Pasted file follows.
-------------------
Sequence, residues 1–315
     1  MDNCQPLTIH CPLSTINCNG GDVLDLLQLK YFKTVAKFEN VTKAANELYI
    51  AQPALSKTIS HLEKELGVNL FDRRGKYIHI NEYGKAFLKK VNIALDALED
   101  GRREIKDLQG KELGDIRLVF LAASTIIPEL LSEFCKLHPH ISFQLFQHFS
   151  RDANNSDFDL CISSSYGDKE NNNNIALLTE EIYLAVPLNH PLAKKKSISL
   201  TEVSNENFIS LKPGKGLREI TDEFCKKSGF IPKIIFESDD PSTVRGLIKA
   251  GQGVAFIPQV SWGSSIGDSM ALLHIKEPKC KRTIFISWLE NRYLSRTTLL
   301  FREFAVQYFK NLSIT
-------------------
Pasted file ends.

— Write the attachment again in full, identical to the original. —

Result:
Sequence, residues 1–315
     1  MDNCQPLTIH CPLSTINCNG GDVLDLLQLK YFKTVAKFEN VTKAANELYI
    51  AQPALSKTIS HLEKELGVNL FDRRGKYIHI NEYGKAFLKK VNIALDALED
   101  GRREIKDLQG KELGDIRLVF LAASTIIPEL LSEFCKLHPH ISFQLFQHFS
   151  RDANNSDFDL CISSSYGDKE NNNNIALLTE EIYLAVPLNH PLAKKKSISL
   201  TEVSNENFIS LKPGKGLREI TDEFCKKSGF IPKIIFESDD PSTVRGLIKA
   251  GQGVAFIPQV SWGSSIGDSM ALLHIKEPKC KRTIFISWLE NRYLSRTTLL
   301  FREFAVQYFK NLSIT